The publication of student Latino art
Finally, beginning largely in the early 2000s, Dartmouth College experienced a notable uptick in the amount of published Latino student art, largely in the form of digital media. Some student performance groups existed before the new millennium, such as the theater group Nuestra Voces, founded in 1992. However, digital mediums allowed for easier publication and record keeping, leading to the apparent increase in material. A prime example of such digital media can be found in the New Voices section of Latino Intersections, an online journal created with the guidance of the Dartmouth Library. This segment features “text-based investigations and multimedia presentations of young Latino/a artists & performers.” The segment features Latino photography projects, dance troupes, and theater. Many of these projects were inspired by visiting artists who came to college classes and performances. Notably, Angela Vasquez ‘04, along with other undergraduate students, started a student dance group called Ballet Folklorico de Dartmouth, with the intention of exhibiting traditional Mexican dance. Vasquez, knowledgeable of her audience of Dartmouth students, hoped that this project would become a respected dance troupe that could help overcome misconceptions about the Latino community. Ballet Folklorico de Dartmouth performed at numerous events around campus and in the community, including at “the Latino Graduating Senior Honors Dinner, College classes, Orientation week… the Cinco de Mayo dinner…and at nearby New Hampshire schools.” The Dartmouth chapter of Movimiento Estudiantil Chicano de Aztlán (MEChA) also created a website that intended to feature student art, although it appears that content was never added to the section.
Prior to the early 2000s there was essentially no organized effort to publish student Latino art. During the 2000s, students were increasingly using college resources to form cohesive student groups like Ballet Folklorico de Dartmouth and to publish Latino art. Many of these projects were unfortunately short lived, likely because most students are only at Dartmouth for four years. But the point remains that for the first time, Dartmouth students put forth concentrated efforts to archive Latino art, like those mentioned by Caragol. Perhaps this shift is indicative of a greater change in the way that the LACS program was viewed at Dartmouth. Pedro Cabán describes Latino studies programs that operate in “enclave” settings as those that are underfunded, disregarded, and forced to operate in the margins of an institution. This seems consistent with the way Latino art was viewed in the 1980s and early 1990s; in this time period there was very little documented effort to host Latino artists or display student Latino art. Yet, the increased output of Latino art at Dartmouth in the late 1990s and early 2000s could signal a progression to what Cabán describes as a “transgressive” setting. The increase in campus-wide exposure to art produced or sponsored by the LACS program may be indicative of the “greater degree of political standing” that Cabán describes as a characteristic of programs in a transgressive setting. No longer pushed to the margins, Latino art became more prominent at Dartmouth College.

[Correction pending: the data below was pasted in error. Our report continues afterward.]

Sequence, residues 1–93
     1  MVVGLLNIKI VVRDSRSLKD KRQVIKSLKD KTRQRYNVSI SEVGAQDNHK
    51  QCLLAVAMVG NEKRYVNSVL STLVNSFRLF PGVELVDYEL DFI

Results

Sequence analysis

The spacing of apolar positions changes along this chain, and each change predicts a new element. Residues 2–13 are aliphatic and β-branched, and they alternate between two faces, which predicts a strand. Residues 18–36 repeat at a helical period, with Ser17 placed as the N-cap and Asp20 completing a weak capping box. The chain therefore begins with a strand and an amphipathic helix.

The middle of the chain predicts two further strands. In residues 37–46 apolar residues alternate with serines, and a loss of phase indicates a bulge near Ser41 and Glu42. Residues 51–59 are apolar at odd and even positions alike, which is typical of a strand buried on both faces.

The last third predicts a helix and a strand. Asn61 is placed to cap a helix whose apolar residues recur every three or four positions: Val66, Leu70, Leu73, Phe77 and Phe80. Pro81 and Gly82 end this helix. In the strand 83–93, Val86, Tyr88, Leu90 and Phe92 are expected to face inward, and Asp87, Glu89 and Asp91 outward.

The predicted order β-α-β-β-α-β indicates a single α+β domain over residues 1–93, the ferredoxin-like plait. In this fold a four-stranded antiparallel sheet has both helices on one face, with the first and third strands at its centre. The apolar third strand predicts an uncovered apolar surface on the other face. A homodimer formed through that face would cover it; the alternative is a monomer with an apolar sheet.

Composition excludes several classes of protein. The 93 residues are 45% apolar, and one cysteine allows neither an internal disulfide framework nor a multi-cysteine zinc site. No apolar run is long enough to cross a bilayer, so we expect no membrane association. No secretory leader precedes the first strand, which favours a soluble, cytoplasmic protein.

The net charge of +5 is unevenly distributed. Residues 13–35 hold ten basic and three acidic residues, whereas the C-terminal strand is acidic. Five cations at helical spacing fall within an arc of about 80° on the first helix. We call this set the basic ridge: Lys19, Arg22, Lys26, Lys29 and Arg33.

Throughout the time period from the late 1980s to the early 2000s, visual and performing arts were ingrained in both the LACS program and the Latino community at Dartmouth. The College has a longstanding academic tradition in Latino art, mostly thanks to the Orozco murals. As the LACS program grew, more resources were dedicated to Latino artists, who were commissioned to perform at sanctioned events and display their art in college-sponsored spaces. Students, often inspired by these performances, eventually formed their own groups dedicated to producing and preserving Latino art. This progression presents an interesting dichotomy; during the formulation of a Latin American Studies program, Associate Dean Marysa Navarro asserted that unlike Chicano Studies programs–in which “Hispanic students are connected with programs”–Dartmouth’s proposed Latin American Studies program would be separated from student recruitment and student life. It is clear, however, that community outreach and student involvement in extracurricular Latino art activities all benefited from the programs. At least in terms of visual and performing art, it appears that like many Chicano Studies programs described by Muñoz in Youth, Identity, Power: The Chicano Movement, the Latin American studies program at Dartmouth greatly increased student community empowerment. Even though the LACS (eventually LALACS) program was not officially connected with the Latino student community, art served as a bridge between the two.